Cloud Terrace | Dumbarton Oaks, Georgetown


Dumbarton Oaks Gardens in Georgetown, a curatorial effort begun by Mildred Bliss in 1920 and in quick collaboration with Beatrix Farrand, has been a D.C. horticulture mainstay for nearly a century. The gardens include lush collections, now blooming with Prunus Mume, the Japanese Flowering Apricot, Halesia Tetraptera, the Carolina Silverbell, Hydrangea, and Amaryllis Belladonna, or Naked Ladies. Now,  in the middle of this garden oasis is a new art installation, Cloud Terrace, by  Andy Cao and Xavier Perrot of Cao | Perrot Studio, Los Angeles and Paris, in collaboration with J.P. Paull of Bodega Architecture. Both Cao and Perrot are landscape artists and co-founded Cao | Perrot Studio in Los Angeles (2006) and Paris (2008)… Cloud Terrace is a hand-sculpted wire mesh cloud suspended over the Arbor Terrace and adorned with 10,000 Swarovski elements water-drop crystals.  Its a dreamy, psychedelic feast for the eyes. Highly recommended for a sunny afternoon stroll.

The completed sculpture will be on view to the public through December 1, 2012.


Matt Levin was born and raised in L.A., where his mother introduced him to the Punk scene and L.A. music and arts scene. Matt studied film at the University of Oregon and lived in Barcelona, where he taught English and lived the expatriate life. He has written, produced, filmed and/or directed feature films, shorts, music videos, and worked as assistant camera on Sick: The Life & Death of Bob Flanagan, Supermasochist, a Sundance Film Festival, Berlin Film Festival, and L.A. Film Festival awards winning documentary. Matt lives in Washington D.C., where he is a filmmaker/screenwriter and hosts the bi-weekly radio show, Uncle Matt’s Two-Hour Shower.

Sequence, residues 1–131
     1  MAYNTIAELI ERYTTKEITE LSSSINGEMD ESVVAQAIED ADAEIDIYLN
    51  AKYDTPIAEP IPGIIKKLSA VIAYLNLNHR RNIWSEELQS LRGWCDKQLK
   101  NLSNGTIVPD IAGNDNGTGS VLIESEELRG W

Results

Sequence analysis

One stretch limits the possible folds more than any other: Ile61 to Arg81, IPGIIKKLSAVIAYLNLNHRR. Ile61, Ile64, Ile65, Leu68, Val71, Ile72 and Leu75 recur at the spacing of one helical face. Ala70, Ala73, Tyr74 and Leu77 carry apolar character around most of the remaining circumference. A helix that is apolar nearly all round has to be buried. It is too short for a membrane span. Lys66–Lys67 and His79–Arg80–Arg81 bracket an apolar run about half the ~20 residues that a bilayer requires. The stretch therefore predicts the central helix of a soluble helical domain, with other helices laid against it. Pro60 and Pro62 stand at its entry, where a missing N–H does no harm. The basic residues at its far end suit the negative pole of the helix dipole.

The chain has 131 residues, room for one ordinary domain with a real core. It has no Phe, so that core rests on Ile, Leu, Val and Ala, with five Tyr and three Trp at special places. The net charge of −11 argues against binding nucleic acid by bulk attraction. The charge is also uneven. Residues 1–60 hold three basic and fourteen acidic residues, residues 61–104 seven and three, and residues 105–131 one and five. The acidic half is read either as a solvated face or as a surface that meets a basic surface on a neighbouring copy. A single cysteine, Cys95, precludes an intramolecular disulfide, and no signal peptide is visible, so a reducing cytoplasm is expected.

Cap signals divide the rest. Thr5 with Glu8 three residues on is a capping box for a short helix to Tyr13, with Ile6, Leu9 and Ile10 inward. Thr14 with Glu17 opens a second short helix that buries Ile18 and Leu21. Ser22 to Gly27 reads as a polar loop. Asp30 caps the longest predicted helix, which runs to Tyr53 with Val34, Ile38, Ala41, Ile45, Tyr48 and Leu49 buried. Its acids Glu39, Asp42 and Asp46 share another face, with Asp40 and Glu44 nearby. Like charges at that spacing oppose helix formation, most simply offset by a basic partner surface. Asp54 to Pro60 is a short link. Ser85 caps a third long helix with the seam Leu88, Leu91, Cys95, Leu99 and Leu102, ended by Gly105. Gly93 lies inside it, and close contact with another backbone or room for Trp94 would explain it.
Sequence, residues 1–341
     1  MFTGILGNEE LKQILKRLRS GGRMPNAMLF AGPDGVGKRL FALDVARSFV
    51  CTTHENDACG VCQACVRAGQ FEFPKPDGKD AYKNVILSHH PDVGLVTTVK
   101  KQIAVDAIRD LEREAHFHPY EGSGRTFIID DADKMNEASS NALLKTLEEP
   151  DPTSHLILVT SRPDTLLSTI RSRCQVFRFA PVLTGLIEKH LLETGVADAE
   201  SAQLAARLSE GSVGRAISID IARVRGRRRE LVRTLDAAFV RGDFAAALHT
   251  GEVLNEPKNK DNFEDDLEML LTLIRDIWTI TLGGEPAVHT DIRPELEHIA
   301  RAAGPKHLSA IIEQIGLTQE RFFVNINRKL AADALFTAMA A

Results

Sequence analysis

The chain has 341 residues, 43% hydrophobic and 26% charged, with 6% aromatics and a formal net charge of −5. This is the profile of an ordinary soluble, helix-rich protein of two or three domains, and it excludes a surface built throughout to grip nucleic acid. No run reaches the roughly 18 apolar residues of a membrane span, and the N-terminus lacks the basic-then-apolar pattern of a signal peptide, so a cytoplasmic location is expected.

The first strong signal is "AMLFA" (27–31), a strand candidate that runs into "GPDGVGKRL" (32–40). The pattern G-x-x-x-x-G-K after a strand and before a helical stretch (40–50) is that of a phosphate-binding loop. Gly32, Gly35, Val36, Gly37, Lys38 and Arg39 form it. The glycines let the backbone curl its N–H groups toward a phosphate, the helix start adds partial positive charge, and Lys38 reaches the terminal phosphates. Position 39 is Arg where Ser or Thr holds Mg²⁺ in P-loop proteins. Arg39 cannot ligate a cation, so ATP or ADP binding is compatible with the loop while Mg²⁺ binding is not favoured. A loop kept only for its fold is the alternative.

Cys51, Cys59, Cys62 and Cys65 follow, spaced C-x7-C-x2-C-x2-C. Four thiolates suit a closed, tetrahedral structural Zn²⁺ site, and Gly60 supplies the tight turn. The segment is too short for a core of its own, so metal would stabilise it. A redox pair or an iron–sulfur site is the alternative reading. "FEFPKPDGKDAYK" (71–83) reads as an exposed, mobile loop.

The Editors

One Reply to “Cloud Terrace | Dumbarton Oaks, Georgetown”

  1. I visited Dumbarton Oaks last summer as part of a writing exercise and it seemed like a magical place then — an overgrown token of the past in places, amid a bustling city. I imagine this new art installation only enhances this oasis, and these photographs make me want to pay it a visit again.

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